Kalungu Residents Decry Delays in Accessing Justice and Compensation for their land

Ms Aidah Babirye a 65-year-old widow and a resident of Kapere Village in Lukaya Town Council, Kalungu District narrated how she lost some of her land to the construction of a public road by Kalungu Town Council in 2009.  Like Babirye, many other residents in the same area where the road passes, lost land and crops, but unfortunately have not yet been fully compensated for these losses, and their efforts to seek redress from courts of law have been undermined by delays in court processes.

These were some of the revelations by residents from Kalungu District who turned up for a public dialogue that was organized by Vision Group, at Bulakati play ground in Lukaya town, Kalungu District on Saturday 21st February 2020.  The dialogue was intended to provide a platform for the residents to engage with leaders and judiciary officials on issues of human right abuses and access to justice in this area.

Another resident, Mr Nyanzi Muhammed from Lutengo village in Kalungu district, narrated how he has been entangled in a protracted dispute with leaders of a mosque over a piece of land.  He said that the land which he inherited from his grandfather, accommodates the mosque and his plantation, but the mosque leaders do not allow him to plant any crops near the mosque, yet he believes he has a right to plough on it. He said that his efforts to have the matter settled in courts of law failed, because the mosque leaders refused to heed to the court’s advice to settle the matter amicably, out of court.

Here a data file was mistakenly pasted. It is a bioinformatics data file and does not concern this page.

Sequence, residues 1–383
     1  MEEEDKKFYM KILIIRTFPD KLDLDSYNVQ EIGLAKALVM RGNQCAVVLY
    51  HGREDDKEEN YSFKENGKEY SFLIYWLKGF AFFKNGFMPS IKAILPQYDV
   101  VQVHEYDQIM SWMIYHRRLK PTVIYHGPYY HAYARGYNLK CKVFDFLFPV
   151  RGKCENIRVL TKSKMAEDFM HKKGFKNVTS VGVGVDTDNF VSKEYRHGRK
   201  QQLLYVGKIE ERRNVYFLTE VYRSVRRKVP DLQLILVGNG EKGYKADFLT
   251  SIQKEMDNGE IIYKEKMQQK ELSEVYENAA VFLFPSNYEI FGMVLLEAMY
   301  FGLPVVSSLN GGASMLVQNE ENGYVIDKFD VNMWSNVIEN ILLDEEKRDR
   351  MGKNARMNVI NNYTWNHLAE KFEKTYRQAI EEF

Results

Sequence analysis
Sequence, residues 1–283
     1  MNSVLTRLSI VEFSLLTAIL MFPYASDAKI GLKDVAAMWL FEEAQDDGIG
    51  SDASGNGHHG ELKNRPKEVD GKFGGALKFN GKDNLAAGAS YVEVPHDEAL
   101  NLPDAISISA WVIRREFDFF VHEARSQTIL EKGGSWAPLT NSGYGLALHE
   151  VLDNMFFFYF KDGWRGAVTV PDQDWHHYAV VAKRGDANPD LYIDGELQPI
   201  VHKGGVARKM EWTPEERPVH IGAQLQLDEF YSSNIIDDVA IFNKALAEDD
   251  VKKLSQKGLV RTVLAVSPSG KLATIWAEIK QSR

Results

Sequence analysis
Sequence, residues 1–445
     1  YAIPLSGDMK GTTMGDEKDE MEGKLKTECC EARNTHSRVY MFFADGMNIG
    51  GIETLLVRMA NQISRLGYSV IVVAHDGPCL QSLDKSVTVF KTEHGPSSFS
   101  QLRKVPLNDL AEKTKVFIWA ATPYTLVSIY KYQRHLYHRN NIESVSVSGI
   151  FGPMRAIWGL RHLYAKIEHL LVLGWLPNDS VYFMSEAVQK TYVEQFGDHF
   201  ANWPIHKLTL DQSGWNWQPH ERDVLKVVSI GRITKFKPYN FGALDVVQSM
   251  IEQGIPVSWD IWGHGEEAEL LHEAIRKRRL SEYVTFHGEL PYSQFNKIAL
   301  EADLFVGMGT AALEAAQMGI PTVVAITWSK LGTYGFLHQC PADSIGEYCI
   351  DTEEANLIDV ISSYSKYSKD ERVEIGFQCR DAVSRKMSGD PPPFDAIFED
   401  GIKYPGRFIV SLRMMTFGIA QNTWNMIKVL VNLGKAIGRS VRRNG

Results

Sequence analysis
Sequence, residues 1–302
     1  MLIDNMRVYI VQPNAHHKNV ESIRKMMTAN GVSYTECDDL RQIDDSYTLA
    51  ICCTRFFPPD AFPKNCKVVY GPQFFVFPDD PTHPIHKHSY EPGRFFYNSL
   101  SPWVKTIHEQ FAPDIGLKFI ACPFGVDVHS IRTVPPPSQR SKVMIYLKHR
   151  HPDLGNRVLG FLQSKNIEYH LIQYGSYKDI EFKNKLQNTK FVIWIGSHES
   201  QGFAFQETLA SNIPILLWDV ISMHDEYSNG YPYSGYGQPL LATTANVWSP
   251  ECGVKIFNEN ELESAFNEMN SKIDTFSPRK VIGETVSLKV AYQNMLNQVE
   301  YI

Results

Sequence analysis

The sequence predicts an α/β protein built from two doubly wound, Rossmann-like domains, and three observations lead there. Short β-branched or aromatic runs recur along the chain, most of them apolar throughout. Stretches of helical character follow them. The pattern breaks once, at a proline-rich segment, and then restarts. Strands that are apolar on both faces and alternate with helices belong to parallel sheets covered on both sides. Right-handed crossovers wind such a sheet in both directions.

In another tale, Mr Kabaale Yiga complained that he has not received any compensation for his business house that developed cracks during the construction of the Masaka-Lukaya road. He said engineers and valuers from Uganda National Roads Authority (UNRA) that was in charge of this road, assessed the problem and documented findings, but these have since not shown up again.

Other concerns raised by residents included delayed justice on land ownership misunderstandings, intellectual rights matters, late or no compensation for losses made during development of public infrastructure, and ‘unfair’ imprisonment of family members among others. Responding to these concerns, the Masaka Grade 1 Magistrate, Her Worship Jalia Basajabalaba re-assured the residents that she would address their concerns in due time, especially those that she found pending at the time she assumed office.  She, however, advised that people should always try an out-of-court settlement before seeking court interventions. This, she said, is a faster way of attaining justice and it promotes peaceful co-existence.

The Vice Chairperson LCV of Kalungu District, Haji Yusuf Mayanja reiterated the Magistrate’s message of opting for consensus among aggrieved parties before going to the courts. He, however, called on courts to make locus visits before making judgements especially on land-related conflicts.  “… I encourage our judges to go on ground and asses the matter….,” Mr Mayanja said and further proposed that judges who make rulings without making locus visits should be reprimanded by the Judicial Service Commission.

Funded by the DGF, the Vision Media Group organises these platforms to enable engagements between local leaders and citizens on issues of human rights and access to justice as a way of enhancing citizen’s capacity to know, demand and defend their legal and human rights.